In an important decision delivered last Friday, the Massachusetts Supreme Judicial Court reversed a district court judge’s order that a witness in a criminal case testify at trial, even though the witness’ testimony would tend to incriminate him. The name of the case is Commonwealth v. Leclair.
The defendant was charged with committing an assault and battery against his girlfriend in 2012. The alleged crime occurred in the witness’ apartment. On the trial date, the Commonwealth announced its intention to call the witness to testify against the defendant. The witness refused to testify and claimed, through his attorney, that his truthful testimony would tend to incriminate him. The trial judge was skeptical and demanded to know the substance of the witness’ testimony. It was revealed that the witness would admit to using cocaine on the evening of the altercation between the defendant and his girlfriend.
The judge ruled that such testimony would not place the witness at a real risk of prosecution. Instead, the witness’ proposed testimony would result in only “a mere imaginary, remote, or speculative possibility of prosecution.” Based on his ruling, the judge ordered the witness to testify at the trial. The prosecutor called the witness to testify and did not ask him any questions about his drug use. However, on cross-examination, the defendant’s attorney immediately asked the witness what substances he had ingested on the evening of the altercation. After initially declining to answer, the witness admitted that he had used cocaine. When the defendant’s attorney asked how much cocaine the witness had consumed, the witness refused to answer any more questions. The judge found the witness in contempt and sentenced him to serve 90 days in jail. The sentence was stayed while the witness appealed the judge’s order the he testify.
The Fifth Amendment to the United States Constitution, and Article 12 of the Massachusetts Declaration of Rights, guarantees that no person shall be compelled in any criminal case to be a witness against himself. Accordingly, a witness may refuse to testify when he or she reasonably believes that the testimony could be used in a criminal prosecution or could lead to other evidence that might be used in a criminal prosecution.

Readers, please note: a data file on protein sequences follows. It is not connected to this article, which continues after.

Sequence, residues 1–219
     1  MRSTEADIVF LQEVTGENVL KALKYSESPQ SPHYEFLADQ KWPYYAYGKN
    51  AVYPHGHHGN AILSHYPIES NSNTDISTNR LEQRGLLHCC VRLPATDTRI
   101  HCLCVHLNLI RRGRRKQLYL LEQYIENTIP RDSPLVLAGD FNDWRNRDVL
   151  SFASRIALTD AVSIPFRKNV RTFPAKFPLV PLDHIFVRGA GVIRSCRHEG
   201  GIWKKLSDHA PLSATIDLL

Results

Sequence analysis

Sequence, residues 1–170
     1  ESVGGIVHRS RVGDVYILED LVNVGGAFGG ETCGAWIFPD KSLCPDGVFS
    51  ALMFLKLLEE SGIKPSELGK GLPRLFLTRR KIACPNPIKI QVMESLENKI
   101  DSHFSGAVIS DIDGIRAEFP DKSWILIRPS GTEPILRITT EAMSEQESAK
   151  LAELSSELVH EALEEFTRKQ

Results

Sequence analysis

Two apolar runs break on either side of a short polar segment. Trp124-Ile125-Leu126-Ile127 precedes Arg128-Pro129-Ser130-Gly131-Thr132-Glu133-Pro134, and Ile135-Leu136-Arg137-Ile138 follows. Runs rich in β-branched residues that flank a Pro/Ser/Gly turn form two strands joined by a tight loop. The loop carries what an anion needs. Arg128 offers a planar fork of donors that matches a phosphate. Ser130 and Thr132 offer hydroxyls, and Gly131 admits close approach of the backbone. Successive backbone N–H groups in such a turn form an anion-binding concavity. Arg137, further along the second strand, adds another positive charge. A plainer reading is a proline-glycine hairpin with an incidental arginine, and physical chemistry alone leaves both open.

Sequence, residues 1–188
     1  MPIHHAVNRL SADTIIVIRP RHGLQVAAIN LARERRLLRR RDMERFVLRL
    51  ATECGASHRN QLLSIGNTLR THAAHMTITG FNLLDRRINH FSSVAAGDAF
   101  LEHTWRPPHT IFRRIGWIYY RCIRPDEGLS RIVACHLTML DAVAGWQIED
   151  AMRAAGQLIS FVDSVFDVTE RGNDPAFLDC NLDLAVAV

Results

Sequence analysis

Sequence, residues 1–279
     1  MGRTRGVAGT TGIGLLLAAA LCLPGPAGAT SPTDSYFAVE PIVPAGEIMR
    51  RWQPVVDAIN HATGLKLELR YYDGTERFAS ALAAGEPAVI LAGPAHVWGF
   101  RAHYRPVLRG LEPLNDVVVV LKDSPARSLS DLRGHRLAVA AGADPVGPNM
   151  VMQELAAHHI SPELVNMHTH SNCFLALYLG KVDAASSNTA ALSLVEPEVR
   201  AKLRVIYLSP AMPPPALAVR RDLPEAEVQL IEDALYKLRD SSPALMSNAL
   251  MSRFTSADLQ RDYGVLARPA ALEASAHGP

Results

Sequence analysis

The Supreme Judicial Court ruled that the witness in this case clearly had a Fifth Amendment privilege to refuse to testify. Even if the drugs are no longer available to be tested, the witness’ admissions at trial could result in the questioning of others concerning the witness’ drug use on that night, or could provide leads for other criminal investigations.
During the trial, the prosecutor presented a written statement asserting that his office would not prosecute the defendant for violating the controlled substance laws if he testified that he was using cocaine on the evening in question. The Supreme Judicial Court said the prosecutor’s promise not to prosecute was insufficient for two reasons. First, a district court judge does not have the authority to grand immunity to a witness (unlike a superior court judge). Second, Massachusetts recognizes “transactional immunity,” which means that every prosecuting office in Massachusetts would have been required to assert that they would not prosecute the defendant for his potential criminal conduct. The promise of a single assistant district attorney from a single county was insufficient.
This case is an important reminder that judges cannot force witnesses to testify when their testimony would incriminate them in crimes.